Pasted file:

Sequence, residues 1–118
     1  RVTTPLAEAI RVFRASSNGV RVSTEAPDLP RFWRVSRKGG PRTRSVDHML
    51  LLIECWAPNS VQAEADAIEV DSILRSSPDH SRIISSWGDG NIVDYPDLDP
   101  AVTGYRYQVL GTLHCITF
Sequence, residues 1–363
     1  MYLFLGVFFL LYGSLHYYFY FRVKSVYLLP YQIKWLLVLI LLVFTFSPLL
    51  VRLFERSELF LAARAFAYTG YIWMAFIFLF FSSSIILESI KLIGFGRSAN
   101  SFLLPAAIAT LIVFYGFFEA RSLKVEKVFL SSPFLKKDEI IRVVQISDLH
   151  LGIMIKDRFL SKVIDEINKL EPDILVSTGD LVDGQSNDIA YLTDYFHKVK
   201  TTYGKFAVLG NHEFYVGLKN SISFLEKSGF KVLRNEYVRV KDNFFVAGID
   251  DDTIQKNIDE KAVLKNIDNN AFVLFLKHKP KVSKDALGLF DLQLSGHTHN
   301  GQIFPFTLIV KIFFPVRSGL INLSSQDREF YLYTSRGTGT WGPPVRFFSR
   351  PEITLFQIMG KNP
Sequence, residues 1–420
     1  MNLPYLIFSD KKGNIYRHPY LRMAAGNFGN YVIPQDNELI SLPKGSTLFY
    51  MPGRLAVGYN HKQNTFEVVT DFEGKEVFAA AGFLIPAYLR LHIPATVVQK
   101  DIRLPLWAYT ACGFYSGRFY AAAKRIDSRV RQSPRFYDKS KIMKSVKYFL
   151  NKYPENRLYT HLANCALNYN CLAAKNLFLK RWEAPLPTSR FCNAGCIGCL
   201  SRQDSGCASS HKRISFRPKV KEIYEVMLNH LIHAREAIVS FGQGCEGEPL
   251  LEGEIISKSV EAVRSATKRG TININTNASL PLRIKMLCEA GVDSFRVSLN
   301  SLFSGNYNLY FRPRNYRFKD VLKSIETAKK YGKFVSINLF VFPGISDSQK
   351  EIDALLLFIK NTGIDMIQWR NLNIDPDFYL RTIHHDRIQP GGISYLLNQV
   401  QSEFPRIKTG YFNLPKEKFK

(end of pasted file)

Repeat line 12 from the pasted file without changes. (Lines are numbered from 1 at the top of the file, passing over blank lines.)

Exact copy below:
   301  GQIFPFTLIV KIFFPVRSGL INLSSQDREF YLYTSRGTGT WGPPVRFFSR